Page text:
Note: This post was updated on June 2, 2016 in order to reflect changes in the final list of principles as presented to Elsevier and SSRN.
For-profit publisher Elsevier’s acquisition of the Social Science Research Network (SSRN) was disturbing news for many scholars who use SSRN to share their writings with colleagues. SSRN was never fully committed to the broadest conceptions of open access. But for those of us who have posted our works on SSRN over the years, it was open enough for purposes of disseminating our works to readers without charge. Our user-generated content—the hundreds of thousands of scholarly works that researchers have posted on SSRN and the network effects that have arisen from our usage of the site—is what made the SSRN platform valuable to scholars and readers, as well as valuable enough for Elsevier to want to acquire it. That content is collectively ours, not SSRN’s, and not Elsevier’s.
Despite some reassurances that SSRN policies won’t change post-acquisition, there is reason to be concerned about the willingness of an Elsevier-run SSRN to accommodate the open access preferences of scholars who post there. Elsevier has recognized that displaying some receptiveness to open access is shrewd in the current era, although it has pursued policies that have created obstacles to true open access in the view of many scholars.
How might Elsevier reassure SSRN authors that it will continue to respect the policies that have attracted scholarly authors to post on that site? As a starting point, Authors Alliance proposes these principles:
- SSRN will be transparent about Elsevier’s plans for SSRN and apprise all contributing authors of any contemplated change no less than four months before effectuating it.
- To post a work on SSRN, authors will not need to grant SSRN more than a nonexclusive license to reproduce and distribute verbatim copies of that work in the SSRN database. Licenses for any additional uses of authors’ works must be obtained separately.
- The license for posting is and will remain a revocable license, so that if authors decide to withdraw their work from SSRN because of changes in its policies, or for any other reason, they can take down their previously posted works and can download a copy of their works before taking them down.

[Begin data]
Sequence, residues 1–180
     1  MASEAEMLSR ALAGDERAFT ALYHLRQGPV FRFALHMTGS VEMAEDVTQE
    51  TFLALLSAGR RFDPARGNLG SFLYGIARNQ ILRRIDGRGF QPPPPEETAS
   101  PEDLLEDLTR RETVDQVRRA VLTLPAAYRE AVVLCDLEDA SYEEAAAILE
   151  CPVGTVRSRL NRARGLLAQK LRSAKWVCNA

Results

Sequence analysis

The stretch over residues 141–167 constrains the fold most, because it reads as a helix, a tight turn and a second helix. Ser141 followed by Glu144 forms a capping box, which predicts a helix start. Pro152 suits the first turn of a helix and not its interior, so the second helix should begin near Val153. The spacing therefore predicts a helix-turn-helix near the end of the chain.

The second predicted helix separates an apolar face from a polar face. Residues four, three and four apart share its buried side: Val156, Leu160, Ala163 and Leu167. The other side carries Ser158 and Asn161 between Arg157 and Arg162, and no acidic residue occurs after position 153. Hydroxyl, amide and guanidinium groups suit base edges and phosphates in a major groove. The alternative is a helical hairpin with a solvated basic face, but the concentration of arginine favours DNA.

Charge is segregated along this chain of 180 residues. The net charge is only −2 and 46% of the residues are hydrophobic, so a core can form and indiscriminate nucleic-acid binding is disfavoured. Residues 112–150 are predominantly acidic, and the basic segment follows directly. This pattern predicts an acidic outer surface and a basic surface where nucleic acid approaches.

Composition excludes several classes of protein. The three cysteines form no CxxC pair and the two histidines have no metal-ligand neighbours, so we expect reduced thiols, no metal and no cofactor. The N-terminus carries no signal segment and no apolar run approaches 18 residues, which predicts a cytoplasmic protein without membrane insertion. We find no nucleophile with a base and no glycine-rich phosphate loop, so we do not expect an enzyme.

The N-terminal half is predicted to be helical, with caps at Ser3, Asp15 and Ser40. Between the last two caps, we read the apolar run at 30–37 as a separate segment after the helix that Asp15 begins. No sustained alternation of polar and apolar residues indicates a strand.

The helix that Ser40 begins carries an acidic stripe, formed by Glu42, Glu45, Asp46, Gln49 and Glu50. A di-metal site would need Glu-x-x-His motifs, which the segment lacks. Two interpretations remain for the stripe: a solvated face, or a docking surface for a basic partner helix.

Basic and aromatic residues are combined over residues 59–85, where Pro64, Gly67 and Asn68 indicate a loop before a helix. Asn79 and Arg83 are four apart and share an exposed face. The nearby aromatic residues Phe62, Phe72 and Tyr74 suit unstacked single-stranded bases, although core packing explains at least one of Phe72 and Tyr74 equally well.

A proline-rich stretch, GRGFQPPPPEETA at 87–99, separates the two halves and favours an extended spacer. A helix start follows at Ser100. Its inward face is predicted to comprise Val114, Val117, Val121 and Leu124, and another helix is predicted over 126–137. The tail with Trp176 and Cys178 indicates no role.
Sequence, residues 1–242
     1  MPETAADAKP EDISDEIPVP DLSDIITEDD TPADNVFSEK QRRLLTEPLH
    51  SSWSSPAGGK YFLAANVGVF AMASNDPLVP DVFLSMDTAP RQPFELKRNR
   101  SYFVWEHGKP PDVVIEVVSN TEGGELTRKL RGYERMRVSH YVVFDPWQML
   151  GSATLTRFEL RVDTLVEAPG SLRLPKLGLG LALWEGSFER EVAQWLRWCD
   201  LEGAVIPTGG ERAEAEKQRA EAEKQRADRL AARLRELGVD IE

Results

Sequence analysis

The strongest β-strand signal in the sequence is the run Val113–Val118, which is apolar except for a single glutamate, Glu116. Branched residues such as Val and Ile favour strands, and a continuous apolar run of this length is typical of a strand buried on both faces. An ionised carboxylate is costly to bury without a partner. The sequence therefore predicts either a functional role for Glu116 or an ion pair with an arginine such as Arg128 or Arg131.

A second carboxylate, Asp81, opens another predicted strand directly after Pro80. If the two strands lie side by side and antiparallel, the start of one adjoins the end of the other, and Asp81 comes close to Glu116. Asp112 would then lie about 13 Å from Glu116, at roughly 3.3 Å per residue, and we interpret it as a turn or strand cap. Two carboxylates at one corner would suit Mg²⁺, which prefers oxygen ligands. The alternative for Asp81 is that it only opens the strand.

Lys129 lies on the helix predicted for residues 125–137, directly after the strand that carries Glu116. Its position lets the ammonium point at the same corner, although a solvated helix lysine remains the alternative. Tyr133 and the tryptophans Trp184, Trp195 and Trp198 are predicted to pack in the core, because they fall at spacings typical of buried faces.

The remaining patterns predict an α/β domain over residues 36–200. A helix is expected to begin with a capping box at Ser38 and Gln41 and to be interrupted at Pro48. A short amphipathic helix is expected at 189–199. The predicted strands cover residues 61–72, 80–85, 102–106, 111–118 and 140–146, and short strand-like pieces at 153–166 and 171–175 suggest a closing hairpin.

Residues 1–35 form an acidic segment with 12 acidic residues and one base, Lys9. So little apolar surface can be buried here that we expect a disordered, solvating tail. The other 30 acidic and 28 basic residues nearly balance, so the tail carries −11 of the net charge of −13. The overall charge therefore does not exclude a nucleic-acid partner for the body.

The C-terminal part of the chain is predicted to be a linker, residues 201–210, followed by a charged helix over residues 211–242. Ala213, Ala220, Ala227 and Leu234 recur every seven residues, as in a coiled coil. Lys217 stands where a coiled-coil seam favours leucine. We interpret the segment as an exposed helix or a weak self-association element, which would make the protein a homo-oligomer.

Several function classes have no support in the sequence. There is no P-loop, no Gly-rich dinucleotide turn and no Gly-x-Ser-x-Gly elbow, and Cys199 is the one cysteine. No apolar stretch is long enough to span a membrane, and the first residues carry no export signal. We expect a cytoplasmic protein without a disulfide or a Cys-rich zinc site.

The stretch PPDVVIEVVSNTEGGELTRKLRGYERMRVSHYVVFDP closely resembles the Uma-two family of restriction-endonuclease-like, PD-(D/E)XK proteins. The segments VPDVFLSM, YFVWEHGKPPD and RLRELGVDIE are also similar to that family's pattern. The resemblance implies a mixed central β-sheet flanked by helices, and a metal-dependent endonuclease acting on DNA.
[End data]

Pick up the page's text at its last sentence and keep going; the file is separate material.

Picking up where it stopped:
- SSRN will remain an open platform for posting works regardless of their publication status. SSRN will not adopt a policy prohibiting authors from posting their works to SSRN where that posting is not prohibited by any agreement that the author has made with another party or any other obligation undertaken by the author.
- SSRN will not remove a work posted by an author unless the author directs that it should be taken down, or SSRN must take the work down to comply with applicable law.
- Authors may freely update versions of previously posted works.
- SSRN will not interfere with authors’ ability to self-archive works posted on SSRN and to post the same works on other sites, including institutional open access repositories.
- SSRN users should be able to download works posted on SSRN for any lawful purpose, without charge, unless the author elects to impose a charge. Such an agreement should be specifically obtained and separately consented to.
- Authors’ right to rely on fair use to post works on SSRN that include third-party materials will not be limited by the terms of any SSRN or Elsevier policy or license.
- SSRN will not give preferential treatment in posting, search results, rankings, or otherwise to works published by Elsevier, to authors affiliated with Elsevier or Elsevier-related entities, services, or tools, nor to publications distributed for a fee.
- SSRN will promptly notify in advance authors who have posted works on SSRN about any changes in SSRN policies or terms of service that would impact the interests of those authors, including attempted changes in the terms of the license granted by authors or changes in the availability of posted works and statistics about views and downloads of posted articles. Changes in license terms or availability of works or data shall not take effect without affirmative consent from affected authors, not merely on the basis of blanket consent to prior policies.